“I have no hope…, There is no hope here,” said the young man as I stood there in the center square surrounded by the tiled roofs stretching up the mountains
“This place is a trap, there is nowhere to go and no way to get out.”
Nothing seems more dismal than the history of the city of Kaçanik, Kosovo. The perilous roadways were perfect for pillager outposts which gave the city its name after the Albanian bandits who used it as a hideout. It reached to the heights of the mountains resembling the imagination of a guarded fortress dreamt by J.R.R. Tolkien himself. Songs are still sung of the courage and bravery of the people of Kaçanik for defending themselves against the Ottoman invasions.
However, in defeat, the city has been under the rule of a different people since the Roman empire. The young man we spoke to had lived in Kaçanik his entire life, and it was one of the first times Kaçanik was visited by Americans since the American military triumphed in the 1999 Kosovo War. In an effort to celebrate Kosovo and the new hope for this birthing nation, the Ten2 project partnered with an NGO to bring hope to Kaçanik.
The young man, I will call Franz, related the hopelessness of life in the city.
The next day I asked him, “Hey Franz, do remember that sign that was in the café we had coffee in earlier? What did it say?” He responded, “Be around the people that force you to go to the next level.” Simultaneously, the Ten2 clean-up team began picking up trash around the same part of the city and I responded,
“Right! Let me force you to go to the next level. Why don’t you go pick up the trash on the sidewalk next to the river here?” He replied, “why would I? The next day all of the trash will just come back.” I responded, “then pick it up the next day.” He looked at me with disapproval and confusion and I exclaimed, “That’s my job!” and he was bewildered. I related,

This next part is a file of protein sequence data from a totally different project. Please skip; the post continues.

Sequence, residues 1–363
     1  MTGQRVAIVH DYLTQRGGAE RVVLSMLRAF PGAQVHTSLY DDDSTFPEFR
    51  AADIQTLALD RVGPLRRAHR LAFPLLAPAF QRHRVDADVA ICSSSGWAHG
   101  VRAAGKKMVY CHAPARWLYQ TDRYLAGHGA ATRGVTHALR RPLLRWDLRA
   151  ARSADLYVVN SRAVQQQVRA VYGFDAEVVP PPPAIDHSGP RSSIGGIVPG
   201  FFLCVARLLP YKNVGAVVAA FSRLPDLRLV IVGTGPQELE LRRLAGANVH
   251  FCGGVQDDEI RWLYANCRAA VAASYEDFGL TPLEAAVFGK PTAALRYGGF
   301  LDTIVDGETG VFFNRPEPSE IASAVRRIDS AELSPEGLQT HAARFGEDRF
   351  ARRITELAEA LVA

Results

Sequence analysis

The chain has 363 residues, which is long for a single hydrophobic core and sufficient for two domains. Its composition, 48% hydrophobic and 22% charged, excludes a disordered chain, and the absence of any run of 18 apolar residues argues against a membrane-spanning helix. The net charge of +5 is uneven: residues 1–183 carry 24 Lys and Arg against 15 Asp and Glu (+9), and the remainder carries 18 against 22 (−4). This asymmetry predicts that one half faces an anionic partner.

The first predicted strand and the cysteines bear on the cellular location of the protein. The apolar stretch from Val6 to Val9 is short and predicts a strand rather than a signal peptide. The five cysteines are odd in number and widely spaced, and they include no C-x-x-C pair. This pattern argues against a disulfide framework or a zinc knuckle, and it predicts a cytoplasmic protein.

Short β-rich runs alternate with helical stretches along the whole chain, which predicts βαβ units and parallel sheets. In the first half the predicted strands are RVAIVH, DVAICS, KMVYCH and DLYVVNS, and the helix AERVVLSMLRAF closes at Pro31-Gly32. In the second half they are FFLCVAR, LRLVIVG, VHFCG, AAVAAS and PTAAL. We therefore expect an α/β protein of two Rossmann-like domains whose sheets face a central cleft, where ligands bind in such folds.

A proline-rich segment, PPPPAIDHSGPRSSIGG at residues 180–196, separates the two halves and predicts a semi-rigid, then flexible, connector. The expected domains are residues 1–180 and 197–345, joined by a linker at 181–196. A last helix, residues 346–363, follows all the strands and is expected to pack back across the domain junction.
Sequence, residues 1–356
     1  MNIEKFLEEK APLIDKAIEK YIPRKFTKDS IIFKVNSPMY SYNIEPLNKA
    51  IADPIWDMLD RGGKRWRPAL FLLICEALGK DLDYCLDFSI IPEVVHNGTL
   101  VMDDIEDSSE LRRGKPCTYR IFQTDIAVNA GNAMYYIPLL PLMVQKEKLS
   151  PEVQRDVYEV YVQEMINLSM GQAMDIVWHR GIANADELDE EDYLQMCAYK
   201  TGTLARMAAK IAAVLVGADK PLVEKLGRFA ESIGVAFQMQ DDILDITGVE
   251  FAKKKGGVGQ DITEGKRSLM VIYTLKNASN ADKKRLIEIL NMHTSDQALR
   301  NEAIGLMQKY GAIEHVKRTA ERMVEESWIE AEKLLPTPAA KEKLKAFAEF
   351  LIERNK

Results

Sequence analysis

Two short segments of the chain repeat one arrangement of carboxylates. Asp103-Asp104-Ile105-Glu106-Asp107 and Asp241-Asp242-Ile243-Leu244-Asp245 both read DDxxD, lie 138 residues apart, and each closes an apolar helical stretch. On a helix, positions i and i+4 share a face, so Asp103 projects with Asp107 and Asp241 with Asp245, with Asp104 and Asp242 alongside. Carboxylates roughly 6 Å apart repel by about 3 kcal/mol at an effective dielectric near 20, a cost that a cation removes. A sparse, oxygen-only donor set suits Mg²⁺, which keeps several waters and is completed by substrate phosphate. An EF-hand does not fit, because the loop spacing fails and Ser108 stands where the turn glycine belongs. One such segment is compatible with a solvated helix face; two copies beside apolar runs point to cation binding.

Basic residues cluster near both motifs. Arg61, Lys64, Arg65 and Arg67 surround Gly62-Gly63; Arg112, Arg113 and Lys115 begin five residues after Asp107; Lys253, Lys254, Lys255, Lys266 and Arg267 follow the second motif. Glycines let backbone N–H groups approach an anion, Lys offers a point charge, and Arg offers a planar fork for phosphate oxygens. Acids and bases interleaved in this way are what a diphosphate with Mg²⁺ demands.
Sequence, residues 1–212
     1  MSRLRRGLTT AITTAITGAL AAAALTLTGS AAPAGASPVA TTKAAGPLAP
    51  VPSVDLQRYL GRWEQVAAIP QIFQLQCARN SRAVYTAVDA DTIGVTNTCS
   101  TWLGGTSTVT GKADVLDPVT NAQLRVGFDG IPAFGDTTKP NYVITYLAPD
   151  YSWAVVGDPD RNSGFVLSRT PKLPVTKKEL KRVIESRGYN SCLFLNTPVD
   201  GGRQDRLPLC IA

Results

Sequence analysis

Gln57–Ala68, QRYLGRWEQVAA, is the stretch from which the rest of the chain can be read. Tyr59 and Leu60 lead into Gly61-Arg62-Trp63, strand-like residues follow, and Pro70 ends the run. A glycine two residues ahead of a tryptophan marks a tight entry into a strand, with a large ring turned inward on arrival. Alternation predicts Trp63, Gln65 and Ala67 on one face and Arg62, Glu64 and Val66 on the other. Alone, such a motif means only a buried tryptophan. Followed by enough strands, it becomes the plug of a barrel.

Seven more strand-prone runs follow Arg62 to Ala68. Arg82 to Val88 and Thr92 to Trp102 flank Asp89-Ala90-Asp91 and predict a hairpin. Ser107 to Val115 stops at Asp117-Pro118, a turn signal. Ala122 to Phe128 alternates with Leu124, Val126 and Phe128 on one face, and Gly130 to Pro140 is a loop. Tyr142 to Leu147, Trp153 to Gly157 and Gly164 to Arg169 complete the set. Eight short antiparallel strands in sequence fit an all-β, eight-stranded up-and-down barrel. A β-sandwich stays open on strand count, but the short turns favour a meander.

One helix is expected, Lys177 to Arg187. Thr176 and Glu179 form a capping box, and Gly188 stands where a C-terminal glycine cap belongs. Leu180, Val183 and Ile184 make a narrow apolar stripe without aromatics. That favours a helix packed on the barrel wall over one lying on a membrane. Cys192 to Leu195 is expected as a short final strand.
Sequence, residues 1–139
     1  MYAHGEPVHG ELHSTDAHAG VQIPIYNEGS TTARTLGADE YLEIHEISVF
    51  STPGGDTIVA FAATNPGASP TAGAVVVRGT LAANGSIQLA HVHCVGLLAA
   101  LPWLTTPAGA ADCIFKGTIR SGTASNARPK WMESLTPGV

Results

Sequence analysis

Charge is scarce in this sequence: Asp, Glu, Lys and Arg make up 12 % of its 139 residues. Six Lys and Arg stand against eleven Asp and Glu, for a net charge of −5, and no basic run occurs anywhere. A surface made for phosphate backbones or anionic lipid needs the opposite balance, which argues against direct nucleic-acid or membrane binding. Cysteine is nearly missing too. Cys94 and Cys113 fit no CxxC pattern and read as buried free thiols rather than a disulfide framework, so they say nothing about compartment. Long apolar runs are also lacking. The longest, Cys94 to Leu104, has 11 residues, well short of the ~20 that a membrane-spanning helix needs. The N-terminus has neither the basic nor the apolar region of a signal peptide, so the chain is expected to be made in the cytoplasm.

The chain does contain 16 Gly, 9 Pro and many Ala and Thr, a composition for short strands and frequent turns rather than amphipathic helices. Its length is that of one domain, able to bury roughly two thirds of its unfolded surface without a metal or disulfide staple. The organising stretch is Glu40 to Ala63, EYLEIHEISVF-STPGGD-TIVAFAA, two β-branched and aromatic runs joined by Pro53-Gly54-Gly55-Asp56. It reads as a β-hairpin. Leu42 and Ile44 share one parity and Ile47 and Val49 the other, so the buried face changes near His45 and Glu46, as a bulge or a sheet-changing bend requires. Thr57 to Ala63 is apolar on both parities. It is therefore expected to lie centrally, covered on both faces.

“My job is to do anything I can to share hope with you and the people of Kaçanik because I have hope.”
He smiled remembering his previous statement and then accused, “But why aren’t they cleaning up the river? Look how dirty it is!” I stated, “Well they don’t have the equipment to clean it yet, but wouldn’t you want a clean street and a dirty river rather than a dirty street and a dirty river?”
He nodded in consideration, and I replied, “Surely any sensible person would rather have something clean over something dirty! It is the same way with changing a culture, wouldn’t you rather have a good culture over a bad one?” I asked him, “do you know how that starts?”
He thought a moment and motioned for me to answer. So, I said, “it is the same as picking up trash, starting by changing one person at a time. You must go one by one.” I grabbed three brooms handed him one and we began sweeping up the trash, one by one. The last day, Franz gave me the hardest hug he could give and said, “I am going to miss you so much!” I said the same and asked him to promise me that he will always seek out hope and maybe even pick up some trash once in a while and he smiled and promised. Stepping up the stairs to enter into the bus, he stopped me and said, “Remember! One by one!” The city of robbers became the city of hope.
- Coleman Jones, Ten2 2021 Participant & Storyteller